Never underestimate the myopia of the men and women who dictate the debate over United States monetary policy. Case in point: Federal Reserve chair Janet Yellen, at a press conference in Washington Wednesday, answered nine questions about the U.S. economy before anyone asked her about Greece.
The current fixation of the U.S. financial press currently is when the Fed will lift its benchmark interest rate. That’s partly a function of the way the news business works. The U.S. central bank hasn’t raised the federal funds rate since 2006. Therefore, the eventual increase will be an event—the same way wins by the Edmonton Oilers or the Toronto Maple Leafs became occasions this season.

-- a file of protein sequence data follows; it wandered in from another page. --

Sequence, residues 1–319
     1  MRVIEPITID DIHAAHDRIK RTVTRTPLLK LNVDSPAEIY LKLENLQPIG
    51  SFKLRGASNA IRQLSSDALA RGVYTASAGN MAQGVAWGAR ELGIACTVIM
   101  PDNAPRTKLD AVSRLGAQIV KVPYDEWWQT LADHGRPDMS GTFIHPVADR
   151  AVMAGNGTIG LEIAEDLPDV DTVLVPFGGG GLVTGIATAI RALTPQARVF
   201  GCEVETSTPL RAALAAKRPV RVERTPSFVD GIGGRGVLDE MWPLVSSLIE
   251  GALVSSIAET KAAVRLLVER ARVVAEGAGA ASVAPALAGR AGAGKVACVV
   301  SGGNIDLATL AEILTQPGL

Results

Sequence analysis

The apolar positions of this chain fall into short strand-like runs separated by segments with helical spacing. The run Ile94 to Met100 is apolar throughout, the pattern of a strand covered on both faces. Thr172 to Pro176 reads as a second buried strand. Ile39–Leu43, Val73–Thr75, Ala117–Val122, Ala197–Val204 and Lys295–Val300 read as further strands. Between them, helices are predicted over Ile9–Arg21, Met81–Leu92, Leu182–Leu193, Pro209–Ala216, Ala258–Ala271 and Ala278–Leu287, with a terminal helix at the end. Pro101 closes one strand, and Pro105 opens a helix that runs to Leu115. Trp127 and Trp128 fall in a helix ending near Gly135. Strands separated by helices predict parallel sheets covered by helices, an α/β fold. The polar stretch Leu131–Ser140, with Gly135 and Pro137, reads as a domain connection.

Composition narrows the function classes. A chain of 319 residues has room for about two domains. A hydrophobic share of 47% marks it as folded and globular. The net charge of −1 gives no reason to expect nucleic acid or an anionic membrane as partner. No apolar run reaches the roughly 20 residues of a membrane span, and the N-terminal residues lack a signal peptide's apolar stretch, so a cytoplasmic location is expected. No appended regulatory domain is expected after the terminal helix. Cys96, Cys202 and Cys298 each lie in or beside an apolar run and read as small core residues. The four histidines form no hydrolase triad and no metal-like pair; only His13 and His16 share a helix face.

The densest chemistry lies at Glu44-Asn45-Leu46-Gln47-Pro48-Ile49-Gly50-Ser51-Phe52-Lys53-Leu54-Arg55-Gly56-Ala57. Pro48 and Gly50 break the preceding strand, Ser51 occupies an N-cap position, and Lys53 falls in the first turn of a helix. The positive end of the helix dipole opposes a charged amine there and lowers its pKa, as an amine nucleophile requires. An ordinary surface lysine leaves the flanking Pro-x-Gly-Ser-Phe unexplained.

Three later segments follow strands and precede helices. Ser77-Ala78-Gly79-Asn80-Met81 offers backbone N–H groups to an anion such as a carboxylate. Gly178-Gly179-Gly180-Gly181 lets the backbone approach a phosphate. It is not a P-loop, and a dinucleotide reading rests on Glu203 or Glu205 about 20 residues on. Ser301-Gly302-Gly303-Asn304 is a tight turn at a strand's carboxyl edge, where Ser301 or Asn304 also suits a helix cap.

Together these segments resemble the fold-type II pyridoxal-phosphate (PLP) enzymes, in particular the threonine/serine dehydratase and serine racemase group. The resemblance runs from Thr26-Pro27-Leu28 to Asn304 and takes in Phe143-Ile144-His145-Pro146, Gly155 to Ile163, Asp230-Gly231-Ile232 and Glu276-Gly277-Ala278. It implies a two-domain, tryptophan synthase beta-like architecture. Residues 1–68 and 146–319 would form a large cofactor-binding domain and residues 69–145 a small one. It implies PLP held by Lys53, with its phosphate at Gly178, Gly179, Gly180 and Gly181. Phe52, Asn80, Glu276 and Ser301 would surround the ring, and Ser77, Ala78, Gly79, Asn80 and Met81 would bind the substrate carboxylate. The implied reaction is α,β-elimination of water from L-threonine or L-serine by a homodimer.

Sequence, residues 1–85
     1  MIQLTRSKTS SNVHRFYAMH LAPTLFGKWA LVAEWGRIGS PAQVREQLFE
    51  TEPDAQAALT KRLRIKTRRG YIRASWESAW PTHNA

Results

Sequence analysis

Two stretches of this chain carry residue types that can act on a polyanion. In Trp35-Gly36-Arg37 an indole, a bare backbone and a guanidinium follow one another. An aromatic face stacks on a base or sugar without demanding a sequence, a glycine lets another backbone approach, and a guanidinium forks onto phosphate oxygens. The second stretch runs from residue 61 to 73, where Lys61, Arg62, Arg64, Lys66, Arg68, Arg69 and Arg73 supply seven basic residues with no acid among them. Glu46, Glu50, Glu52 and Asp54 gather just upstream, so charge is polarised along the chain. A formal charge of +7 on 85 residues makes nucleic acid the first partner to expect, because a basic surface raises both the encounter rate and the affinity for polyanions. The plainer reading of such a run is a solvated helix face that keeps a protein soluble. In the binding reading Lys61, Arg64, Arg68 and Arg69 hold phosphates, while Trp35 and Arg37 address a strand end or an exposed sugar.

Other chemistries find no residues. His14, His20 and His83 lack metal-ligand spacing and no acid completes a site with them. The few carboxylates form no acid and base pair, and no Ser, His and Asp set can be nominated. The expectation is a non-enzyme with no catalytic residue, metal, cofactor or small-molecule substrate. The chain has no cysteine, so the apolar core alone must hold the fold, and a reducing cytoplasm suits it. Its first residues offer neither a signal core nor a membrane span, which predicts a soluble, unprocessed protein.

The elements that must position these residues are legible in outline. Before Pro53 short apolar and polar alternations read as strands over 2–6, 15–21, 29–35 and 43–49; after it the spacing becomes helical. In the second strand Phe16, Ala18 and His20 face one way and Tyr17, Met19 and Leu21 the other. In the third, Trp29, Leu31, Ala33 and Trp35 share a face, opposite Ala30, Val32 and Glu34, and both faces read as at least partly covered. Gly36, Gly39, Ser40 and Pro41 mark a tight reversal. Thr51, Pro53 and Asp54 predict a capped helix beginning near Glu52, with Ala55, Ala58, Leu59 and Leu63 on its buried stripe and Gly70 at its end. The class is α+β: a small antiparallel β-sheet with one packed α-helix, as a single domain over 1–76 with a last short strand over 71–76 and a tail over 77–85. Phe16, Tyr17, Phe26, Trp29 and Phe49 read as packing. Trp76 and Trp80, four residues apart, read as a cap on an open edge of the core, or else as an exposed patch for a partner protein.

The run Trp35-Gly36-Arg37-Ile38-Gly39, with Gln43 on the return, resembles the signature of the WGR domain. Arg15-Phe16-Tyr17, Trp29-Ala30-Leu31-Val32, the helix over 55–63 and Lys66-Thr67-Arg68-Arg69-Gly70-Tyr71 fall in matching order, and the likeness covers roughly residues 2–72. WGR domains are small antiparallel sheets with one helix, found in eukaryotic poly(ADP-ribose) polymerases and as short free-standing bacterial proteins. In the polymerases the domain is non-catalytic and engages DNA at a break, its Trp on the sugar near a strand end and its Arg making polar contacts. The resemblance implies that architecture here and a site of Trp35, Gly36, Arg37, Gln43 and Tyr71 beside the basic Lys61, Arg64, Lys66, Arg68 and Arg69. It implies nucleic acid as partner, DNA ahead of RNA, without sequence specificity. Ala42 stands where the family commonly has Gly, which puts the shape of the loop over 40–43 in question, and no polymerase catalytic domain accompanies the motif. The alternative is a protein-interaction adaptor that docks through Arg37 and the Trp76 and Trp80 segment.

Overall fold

But the fans of those teams knew scattered, late-season upsets did nothing to change the glum story of the 2014-15 season overall. Same with the Fed. The real story is the trajectory of borrowing costs in the months and years ahead—not whether the Fed will raise interest rates in September, December or March. “Sometimes too much emphasis is put on the timing,” Yellen said in response to the first question she received Wednesday.
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